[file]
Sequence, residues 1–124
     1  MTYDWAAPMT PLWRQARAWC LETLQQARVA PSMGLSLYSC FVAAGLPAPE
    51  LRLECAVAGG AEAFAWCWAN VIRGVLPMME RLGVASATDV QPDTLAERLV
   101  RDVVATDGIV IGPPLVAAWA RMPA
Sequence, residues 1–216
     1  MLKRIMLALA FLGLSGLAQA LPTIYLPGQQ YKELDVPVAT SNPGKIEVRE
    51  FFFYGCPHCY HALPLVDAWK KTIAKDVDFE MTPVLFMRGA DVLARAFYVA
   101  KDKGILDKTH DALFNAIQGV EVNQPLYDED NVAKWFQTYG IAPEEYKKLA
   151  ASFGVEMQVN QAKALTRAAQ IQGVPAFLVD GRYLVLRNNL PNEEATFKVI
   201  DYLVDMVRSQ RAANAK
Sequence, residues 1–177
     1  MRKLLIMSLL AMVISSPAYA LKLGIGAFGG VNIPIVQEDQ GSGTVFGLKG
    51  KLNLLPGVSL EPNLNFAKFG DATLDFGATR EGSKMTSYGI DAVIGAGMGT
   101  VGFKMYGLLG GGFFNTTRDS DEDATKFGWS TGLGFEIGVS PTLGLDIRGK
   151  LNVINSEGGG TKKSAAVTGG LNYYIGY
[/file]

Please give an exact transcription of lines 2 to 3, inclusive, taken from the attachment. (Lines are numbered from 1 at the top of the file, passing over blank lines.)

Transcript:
     1  MTYDWAAPMT PLWRQARAWC LETLQQARVA PSMGLSLYSC FVAAGLPAPE
    51  LRLECAVAGG AEAFAWCWAN VIRGVLPMME RLGVASATDV QPDTLAERLV